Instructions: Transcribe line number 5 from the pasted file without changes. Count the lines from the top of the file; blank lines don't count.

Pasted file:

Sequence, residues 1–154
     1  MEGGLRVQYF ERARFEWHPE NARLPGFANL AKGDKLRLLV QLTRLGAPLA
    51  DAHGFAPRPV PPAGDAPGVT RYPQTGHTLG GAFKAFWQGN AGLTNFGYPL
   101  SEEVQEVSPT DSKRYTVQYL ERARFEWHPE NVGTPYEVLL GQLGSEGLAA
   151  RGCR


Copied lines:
   151  RGCR